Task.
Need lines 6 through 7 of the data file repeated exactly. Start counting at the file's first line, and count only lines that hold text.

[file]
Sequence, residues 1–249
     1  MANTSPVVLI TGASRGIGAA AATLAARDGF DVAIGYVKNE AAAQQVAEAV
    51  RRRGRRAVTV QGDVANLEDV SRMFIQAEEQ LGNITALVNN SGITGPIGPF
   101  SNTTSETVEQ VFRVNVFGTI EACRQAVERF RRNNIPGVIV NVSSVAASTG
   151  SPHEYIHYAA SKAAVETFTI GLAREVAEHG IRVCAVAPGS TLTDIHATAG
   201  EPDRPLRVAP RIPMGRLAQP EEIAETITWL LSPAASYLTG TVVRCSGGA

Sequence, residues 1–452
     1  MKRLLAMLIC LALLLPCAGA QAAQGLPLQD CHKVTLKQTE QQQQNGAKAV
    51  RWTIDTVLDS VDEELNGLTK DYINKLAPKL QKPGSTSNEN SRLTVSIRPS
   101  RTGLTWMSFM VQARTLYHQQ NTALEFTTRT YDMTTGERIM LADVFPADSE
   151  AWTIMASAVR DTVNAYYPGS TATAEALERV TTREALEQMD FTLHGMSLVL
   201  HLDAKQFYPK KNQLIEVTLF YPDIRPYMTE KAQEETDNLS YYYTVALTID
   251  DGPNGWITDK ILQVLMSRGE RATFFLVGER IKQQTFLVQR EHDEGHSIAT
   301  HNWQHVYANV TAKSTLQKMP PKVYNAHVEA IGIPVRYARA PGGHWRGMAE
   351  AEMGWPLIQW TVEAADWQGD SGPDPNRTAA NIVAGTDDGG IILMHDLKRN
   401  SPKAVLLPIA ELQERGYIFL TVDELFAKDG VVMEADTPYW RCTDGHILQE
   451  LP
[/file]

   201  EPDRPLRVAP RIPMGRLAQP EEIAETITWL LSPAASYLTG TVVRCSGGA

Sequence, residues 1–452